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Tabletop Game / Savage Tide

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This painting is the first time you see Vanthus's face. The second time is when he locks you in a dungeon full of zombie pirates.

"The first savage tide has already touched the mortal world. Unleashed from the cruel heart of a shadow pearl, the tide swept over an ancient civilization, transforming the citizens into feral, cannibalistic fiends. The hateful architects of the savage tide watched, taking pride in the ruin they had wrought. Now, after a thousand years, the savage tide is about to return. Yet this time, the doom will not be limited to one hapless city. This time, all of civilization waits unknowing on the shore, blissfully ignorant of what the tide is about to bring in..."

Warning! Unmarked spoilers follow! If you are playing in Savage Tide, you have been warned!

Savage Tide is an Adventure Path released for Dungeons & Dragons 3rd Edition during Paizo Publishing's run of Dungeon Magazine, and was both intentionally a Grand Finale for Paizo's run of Dungeon... and unintentionally, an informal finale and sendoff for D&D 3.5 itself, being one of the very last 3.5 adventures published under the WotC umbrella. The adventure begins when the adventurers are hired by a noblewoman of the port city of Sasserine, Lavinia Vanderboren, to track down her missing brother, Vanthus. Over the course of twelve adventures that follow, the Player Characters go from adventures in Sasserine to exploring the infamous Isle of Dread to braving the terrors of the Abyss itself in order to stop a plot by one of D&D's greatest villains to cast the entire world into savagery.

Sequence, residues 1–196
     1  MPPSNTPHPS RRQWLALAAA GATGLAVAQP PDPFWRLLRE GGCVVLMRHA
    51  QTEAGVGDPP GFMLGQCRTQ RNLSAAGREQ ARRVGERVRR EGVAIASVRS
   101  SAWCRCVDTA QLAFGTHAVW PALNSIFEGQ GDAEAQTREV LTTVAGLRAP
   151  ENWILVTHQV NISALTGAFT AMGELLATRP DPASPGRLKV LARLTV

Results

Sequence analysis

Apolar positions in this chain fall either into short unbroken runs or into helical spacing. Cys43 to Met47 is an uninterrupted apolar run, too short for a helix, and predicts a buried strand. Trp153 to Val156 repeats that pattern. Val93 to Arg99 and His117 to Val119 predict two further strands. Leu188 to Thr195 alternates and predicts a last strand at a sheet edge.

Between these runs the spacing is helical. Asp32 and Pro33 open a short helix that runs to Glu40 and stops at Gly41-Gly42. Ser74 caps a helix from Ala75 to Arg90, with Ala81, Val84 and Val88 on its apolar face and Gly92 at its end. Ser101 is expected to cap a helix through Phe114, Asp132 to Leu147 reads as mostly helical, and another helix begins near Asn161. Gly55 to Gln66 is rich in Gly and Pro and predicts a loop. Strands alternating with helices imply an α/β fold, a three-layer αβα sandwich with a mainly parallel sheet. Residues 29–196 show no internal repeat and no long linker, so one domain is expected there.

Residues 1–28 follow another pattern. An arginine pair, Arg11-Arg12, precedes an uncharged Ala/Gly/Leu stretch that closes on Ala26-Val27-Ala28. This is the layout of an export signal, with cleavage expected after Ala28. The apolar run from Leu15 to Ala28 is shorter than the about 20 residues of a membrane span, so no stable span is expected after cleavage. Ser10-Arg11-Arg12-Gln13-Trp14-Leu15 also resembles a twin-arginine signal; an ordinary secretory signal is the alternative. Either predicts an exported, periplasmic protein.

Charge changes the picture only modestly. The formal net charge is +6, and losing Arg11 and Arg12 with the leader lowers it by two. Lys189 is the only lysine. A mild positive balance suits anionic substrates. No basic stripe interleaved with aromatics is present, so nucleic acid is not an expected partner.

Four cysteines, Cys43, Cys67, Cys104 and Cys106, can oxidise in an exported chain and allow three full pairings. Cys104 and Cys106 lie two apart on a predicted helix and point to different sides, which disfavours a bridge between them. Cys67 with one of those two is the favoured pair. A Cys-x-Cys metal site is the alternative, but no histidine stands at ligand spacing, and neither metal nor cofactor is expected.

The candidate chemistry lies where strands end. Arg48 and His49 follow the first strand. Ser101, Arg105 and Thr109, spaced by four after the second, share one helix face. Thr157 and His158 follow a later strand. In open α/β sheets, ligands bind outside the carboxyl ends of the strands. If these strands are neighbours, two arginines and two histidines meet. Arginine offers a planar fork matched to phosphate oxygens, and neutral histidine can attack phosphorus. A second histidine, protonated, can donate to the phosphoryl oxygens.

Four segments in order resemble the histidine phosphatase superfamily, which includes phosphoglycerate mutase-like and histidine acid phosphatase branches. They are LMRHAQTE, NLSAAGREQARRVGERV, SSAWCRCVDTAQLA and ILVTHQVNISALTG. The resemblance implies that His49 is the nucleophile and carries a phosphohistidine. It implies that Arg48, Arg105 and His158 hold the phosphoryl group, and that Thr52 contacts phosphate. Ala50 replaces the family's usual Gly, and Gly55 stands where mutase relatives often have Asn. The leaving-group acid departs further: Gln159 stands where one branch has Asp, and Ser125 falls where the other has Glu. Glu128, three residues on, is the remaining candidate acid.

Savage Tide nominally takes place in the Greyhawk setting, though far to the south of the Free City of Greyhawk. It is the third in the Dungeon adventure path series, after Shackled City and Age Of Worms; the three adventure paths are in the same continuity, and Savage Tide assumes that the previous two campaigns have occurred. (This conceit would later carry forward to Pathfinder's Adventure Paths.)

The adventure path is notable, as per above, for being the final adventure path released in Dungeon prior to its cancellation and relaunch as an online-only title for D&D Fourth Edition. The Grand Finale, "Prince of Demons," was the final adventure published in the printed era of Dungeon Magazine, and so served not only as a finale to the campaign, but to the magazine as well.

Savage Tide provides examples of:

  • Action Girl: Lavinia Vanderboren, Amella Vankalie, numerous villainous examples.
  • Always Save the Girl: Oh, Lavinia.
  • Apocalypse How: If the players are unable to stop Demogorgon's plot, most living beings within the range of the shadow pearl's savage tide become insane, collapsing most of civilization in the setting's Material Plane. Ironically, since the true purpose of this devastation is so that one of Demogorgon's head can absorb the other in a ritual, the resulting power-boost he obtains in case he isn't stopped likely causes more destruction in the entire multiverse than the savage tide itself.
  • Arch-Enemy: Vanthus Vanderboren. The players start the campaign searching for him, and when they find him, he locks them in a dungeon full of pirate zombies and leaves them to die. Over the course of the campaign, they track him down, discover his links to the savage tide, and eventually kill him on the Isle of Dread. Then Demogorgon brings him back as a Death Knight and they have to track him to the Abyss.
  • The Archmage: Iggwilv. She even has the Archmage class.
  • Back from the Dead: Vanthus.
  • Big Bad: Demogorgon.
  • Black Magician Girl: Iggwilv.
  • Brother–Sister Incest: It's implied (and was outright stated by James Jacobs) that Vanthus lusts after his sister Lavinia. She, thankfully, is completely repulsed by him.